Digital elevation model

A digital elevation model (DEM) is a 3D CG representation of a terrain's surface – commonly of a planet (e.g. Earth), moon, or asteroid – created from a terrain's elevation data.


There is no universal usage of the terms digital elevation model (DEM), digital terrain model (DTM) and digital surface model (DSM) in scientific literature. In most cases the term digital surface model represents the earth's surface and includes all objects on it. In contrast to a DSM, the digital terrain model (DTM) represents the bare ground surface without any objects like plants and buildings (see the figure on the right).[1][2]

Surfaces represented by a Digital Surface Model include buildings and other objects. Digital Terrain Models represent the bare ground.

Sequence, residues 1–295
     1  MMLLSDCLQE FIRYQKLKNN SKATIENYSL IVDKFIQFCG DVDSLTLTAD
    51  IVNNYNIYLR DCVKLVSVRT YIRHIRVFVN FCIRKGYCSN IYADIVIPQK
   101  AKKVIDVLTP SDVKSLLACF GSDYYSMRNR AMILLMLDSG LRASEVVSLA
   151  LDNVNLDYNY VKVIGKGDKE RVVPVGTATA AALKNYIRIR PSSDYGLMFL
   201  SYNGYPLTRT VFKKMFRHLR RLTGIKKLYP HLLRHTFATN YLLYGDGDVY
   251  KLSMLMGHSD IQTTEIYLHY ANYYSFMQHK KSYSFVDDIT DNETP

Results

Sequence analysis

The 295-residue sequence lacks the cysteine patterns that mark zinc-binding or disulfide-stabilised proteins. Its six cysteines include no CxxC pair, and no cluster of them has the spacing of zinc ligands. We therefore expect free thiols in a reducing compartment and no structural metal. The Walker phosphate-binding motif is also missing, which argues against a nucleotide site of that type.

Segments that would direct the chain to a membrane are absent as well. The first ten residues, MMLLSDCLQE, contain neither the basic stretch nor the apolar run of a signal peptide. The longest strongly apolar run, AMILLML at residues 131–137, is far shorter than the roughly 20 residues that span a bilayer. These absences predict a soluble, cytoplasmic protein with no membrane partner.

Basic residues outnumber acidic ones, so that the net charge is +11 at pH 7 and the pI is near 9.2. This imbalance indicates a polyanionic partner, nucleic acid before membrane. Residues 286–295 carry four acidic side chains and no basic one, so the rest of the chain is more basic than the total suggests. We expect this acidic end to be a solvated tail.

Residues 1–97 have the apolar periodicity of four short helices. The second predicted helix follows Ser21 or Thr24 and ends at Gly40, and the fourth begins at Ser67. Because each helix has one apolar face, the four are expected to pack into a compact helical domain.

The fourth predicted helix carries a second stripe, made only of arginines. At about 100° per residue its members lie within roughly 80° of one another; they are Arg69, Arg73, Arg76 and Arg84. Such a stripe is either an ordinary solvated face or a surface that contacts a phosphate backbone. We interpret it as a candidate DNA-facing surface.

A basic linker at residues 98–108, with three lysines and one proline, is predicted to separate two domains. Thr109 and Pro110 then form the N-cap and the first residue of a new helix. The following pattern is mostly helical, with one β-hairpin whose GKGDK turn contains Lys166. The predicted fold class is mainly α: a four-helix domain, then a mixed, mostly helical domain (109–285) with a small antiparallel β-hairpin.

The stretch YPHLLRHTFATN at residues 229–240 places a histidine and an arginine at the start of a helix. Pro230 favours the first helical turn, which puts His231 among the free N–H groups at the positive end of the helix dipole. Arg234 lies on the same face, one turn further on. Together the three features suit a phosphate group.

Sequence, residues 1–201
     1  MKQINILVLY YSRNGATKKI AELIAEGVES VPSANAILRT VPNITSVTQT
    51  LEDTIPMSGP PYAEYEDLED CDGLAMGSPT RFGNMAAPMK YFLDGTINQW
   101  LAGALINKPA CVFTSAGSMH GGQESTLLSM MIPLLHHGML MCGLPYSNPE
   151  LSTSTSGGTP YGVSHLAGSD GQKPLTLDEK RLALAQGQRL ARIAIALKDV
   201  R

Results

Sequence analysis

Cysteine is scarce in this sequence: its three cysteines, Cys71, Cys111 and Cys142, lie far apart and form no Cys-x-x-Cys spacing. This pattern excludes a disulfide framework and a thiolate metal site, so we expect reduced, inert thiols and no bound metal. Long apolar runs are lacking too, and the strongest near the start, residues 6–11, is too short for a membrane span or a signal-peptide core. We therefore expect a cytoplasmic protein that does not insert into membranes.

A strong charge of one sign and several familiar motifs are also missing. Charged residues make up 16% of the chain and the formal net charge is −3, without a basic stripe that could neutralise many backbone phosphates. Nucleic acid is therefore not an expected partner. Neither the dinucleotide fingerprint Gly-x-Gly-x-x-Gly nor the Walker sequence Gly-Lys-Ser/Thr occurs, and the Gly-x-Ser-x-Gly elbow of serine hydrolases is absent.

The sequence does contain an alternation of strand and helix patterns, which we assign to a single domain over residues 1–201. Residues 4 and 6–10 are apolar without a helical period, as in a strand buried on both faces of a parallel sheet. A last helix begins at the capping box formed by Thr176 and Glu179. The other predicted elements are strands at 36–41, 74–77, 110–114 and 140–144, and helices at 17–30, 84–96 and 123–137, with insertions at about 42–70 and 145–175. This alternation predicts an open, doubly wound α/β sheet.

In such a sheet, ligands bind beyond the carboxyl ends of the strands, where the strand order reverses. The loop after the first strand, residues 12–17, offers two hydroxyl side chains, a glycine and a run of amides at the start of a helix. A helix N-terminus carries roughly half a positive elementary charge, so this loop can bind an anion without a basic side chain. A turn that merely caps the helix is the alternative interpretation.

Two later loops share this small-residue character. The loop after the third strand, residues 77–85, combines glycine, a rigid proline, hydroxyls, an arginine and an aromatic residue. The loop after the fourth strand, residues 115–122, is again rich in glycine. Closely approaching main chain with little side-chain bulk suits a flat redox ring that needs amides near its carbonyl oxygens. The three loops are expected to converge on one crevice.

DEM is often used as a generic term for DSMs and DTMs,[3] only representing height information without any further definition about the surface.[4] Other definitions equalise the terms DEM and DTM,[5], equalise the terms DEM and DSM [6], define the DEM as a subset of the DTM, which also represents other morphological elements [7], or define a DEM as a rectangular grid and a DTM as a three-dimensional model (TIN).[8] Most of the data providers (USGS, ERSDAC, CGIAR, Spot Image) use the term DEM as a generic term for DSMs and DTMs. All datasets which are captured with satellites, airplanes or other flying platforms are originally DSMs (like SRTM or the ASTER GDEM). It is possible to compute a DTM from high resolution DSM datasets with complex algorithms (Li et al., 2005). In the following, the term DEM is used as a generic term for DSMs and DTMs.